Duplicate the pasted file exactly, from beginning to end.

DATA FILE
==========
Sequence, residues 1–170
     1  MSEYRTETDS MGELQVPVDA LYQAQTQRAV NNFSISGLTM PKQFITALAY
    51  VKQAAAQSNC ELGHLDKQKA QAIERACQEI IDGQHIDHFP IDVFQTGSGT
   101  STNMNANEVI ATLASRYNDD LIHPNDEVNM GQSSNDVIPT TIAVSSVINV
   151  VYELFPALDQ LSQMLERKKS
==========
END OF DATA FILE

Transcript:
Sequence, residues 1–170
     1  MSEYRTETDS MGELQVPVDA LYQAQTQRAV NNFSISGLTM PKQFITALAY
    51  VKQAAAQSNC ELGHLDKQKA QAIERACQEI IDGQHIDHFP IDVFQTGSGT
   101  STNMNANEVI ATLASRYNDD LIHPNDEVNM GQSSNDVIPT TIAVSSVINV
   151  VYELFPALDQ LSQMLERKKS